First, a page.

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NASA spacecraft will crash into an asteroid to test planetary defense

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NASA will carry out the world’s first mission to test technology to defend Earth against possible dangers from asteroids or comets.

The agency’s Double Asteroid Redirection Test, or DART, will impact asteroid Dimorphos at 7:14 p.m. ET on September 26.

The asteroid poses no threat to Earth.

DART will provide data to help Earth better prepare for an asteroid that could pose an impact hazard to Earth.

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Illustration of NASA’s DART spacecraft and the Italian Space Agency’s (ASI) LICIACube before impact in the Didymos binary system.
(Credits: NASA/Johns Hopkins APL/Steve Gribben)

Dimorphos is the smallest small moon asteroid in the binary Didymos asteroid system, according to the Johns Hopkins University Applied Physics Laboratory, which is developing and leading the mission for NASA.

It has a diameter of 525 feet and orbits the larger asteroid Didymos.

The DART spacecraft will hit Dimorphos almost head-on. The collision will shorten the time it takes for the asteroid’s small moon to orbit Didymos by several minutes.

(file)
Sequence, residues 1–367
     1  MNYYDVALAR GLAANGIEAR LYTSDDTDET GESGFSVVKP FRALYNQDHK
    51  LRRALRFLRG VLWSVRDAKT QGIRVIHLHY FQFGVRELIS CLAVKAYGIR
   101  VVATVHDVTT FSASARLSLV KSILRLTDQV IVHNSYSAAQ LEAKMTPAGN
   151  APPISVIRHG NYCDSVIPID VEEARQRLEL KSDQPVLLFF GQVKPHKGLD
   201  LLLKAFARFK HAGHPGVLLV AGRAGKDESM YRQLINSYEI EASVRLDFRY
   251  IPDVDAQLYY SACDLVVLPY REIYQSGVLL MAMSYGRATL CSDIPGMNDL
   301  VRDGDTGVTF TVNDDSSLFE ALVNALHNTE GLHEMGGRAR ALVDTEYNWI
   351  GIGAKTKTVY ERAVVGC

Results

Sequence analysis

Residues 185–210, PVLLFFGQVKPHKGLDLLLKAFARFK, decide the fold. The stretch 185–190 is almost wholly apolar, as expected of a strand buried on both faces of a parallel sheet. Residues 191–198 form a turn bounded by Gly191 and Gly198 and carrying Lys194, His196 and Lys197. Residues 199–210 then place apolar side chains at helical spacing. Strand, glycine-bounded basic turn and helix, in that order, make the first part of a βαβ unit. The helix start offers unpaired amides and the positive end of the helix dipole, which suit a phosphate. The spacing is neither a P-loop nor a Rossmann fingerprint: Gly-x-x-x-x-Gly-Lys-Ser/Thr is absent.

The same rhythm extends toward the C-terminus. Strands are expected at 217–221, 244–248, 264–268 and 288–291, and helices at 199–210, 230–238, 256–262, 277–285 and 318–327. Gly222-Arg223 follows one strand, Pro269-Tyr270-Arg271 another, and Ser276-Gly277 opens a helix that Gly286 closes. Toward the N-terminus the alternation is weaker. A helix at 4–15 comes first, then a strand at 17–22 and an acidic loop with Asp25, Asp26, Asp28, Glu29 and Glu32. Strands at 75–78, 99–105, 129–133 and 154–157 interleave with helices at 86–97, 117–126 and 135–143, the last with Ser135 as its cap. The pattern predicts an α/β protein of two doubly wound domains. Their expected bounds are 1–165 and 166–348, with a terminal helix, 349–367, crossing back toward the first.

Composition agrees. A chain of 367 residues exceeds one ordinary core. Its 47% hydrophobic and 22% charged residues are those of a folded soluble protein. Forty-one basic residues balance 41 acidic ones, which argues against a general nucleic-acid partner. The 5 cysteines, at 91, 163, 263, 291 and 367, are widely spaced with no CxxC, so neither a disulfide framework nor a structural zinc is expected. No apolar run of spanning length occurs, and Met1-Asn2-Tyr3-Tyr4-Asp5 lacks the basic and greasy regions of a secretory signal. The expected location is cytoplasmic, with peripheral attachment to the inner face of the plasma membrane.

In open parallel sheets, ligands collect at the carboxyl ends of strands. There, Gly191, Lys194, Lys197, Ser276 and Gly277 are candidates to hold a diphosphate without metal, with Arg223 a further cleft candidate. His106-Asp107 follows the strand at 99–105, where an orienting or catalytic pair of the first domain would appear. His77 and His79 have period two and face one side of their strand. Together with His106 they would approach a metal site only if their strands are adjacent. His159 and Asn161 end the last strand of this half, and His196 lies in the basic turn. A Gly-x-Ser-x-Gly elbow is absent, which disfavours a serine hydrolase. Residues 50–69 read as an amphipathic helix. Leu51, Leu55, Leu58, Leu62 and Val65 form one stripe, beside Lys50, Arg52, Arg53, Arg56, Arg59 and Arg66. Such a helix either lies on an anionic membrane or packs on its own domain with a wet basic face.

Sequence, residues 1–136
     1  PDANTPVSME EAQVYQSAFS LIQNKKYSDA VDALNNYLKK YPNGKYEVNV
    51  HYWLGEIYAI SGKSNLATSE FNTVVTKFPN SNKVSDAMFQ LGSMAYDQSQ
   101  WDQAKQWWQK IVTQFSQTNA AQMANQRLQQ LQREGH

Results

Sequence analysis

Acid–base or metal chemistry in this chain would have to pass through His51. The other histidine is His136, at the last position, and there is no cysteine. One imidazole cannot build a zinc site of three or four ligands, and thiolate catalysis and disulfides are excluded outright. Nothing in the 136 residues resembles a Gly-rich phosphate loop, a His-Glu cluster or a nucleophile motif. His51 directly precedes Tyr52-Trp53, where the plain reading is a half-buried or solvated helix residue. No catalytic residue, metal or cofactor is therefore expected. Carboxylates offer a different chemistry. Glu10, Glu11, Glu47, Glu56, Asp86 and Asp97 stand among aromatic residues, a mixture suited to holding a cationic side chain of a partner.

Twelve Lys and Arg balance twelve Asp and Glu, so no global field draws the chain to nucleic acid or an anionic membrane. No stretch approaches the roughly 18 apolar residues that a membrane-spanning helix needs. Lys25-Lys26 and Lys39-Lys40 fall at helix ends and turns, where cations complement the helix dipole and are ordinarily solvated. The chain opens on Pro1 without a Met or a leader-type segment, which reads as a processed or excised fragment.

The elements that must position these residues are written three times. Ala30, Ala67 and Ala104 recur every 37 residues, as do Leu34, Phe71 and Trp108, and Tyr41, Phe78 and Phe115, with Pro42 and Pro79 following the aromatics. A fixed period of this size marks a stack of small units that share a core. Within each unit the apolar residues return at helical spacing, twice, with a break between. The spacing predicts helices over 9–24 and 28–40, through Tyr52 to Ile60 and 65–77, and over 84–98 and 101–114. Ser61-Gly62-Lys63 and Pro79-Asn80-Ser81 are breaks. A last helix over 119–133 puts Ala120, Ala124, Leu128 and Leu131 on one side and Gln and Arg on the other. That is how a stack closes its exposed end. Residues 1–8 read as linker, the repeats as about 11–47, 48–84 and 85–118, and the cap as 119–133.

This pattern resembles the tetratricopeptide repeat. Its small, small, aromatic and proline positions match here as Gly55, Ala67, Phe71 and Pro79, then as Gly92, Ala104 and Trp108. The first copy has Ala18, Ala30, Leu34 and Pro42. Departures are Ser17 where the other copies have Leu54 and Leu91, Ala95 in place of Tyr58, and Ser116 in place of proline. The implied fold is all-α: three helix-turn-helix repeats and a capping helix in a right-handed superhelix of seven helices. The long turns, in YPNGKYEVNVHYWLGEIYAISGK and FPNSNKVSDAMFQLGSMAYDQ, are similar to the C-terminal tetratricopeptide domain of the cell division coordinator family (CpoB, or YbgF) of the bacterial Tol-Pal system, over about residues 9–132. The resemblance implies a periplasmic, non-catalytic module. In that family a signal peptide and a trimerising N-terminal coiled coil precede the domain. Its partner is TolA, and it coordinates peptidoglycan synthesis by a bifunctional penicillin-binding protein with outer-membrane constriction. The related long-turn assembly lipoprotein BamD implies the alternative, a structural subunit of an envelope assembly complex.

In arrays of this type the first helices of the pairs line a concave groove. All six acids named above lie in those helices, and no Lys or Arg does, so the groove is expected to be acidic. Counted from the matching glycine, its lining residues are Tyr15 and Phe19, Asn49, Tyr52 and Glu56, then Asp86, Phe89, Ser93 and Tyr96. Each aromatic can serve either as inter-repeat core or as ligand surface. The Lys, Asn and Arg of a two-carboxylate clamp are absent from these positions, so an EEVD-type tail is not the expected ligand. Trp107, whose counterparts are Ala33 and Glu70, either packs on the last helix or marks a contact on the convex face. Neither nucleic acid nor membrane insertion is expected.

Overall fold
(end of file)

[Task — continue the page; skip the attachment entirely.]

DART team members (from left) John Schellhase, Emory Toomey and Lloyd Ellis of APL inspect the radial line slot array (RLSA) antenna before it is installed on the spacecraft.

DART team members (from left) John Schellhase, Emory Toomey and Lloyd Ellis of APL inspect the radial line slot array (RLSA) antenna before it is installed on the spacecraft.
(Credits: NASA/Johns Hopkins APL/Ed Whitman)

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The moment of impact when the distance between Earth and Didymos is minimized was chosen, to allow “telescopic observations of the highest quality”.

However, Didymos will still be approximately 11 million kilometers (about 6.8 million miles) from Earth, and the energy boost that DART delivers to Dimorphos is low.

The DART team at APL has spent the past month installing the spacecraft's electrical harness and subsystems on the panels, as well as testing the spacecraft's avionics and software for its body-maneuvering real-time autonomous navigation system. small (SMART Nav).

The DART team at APL has spent the past month installing the spacecraft’s electrical harness and subsystems on the panels, as well as testing the spacecraft’s avionics and software for its body-maneuvering real-time autonomous navigation system. small (SMART Nav).
(Credits: NASA/Johns Hopkins APL/Ed Whitman)

NASA will cover the impact live on NASA TV and its social media platforms beginning at 6 pm ET.

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DART launched on a SpaceX Falcon 9 rocket from California’s Vandenberg Space Force Base in November.

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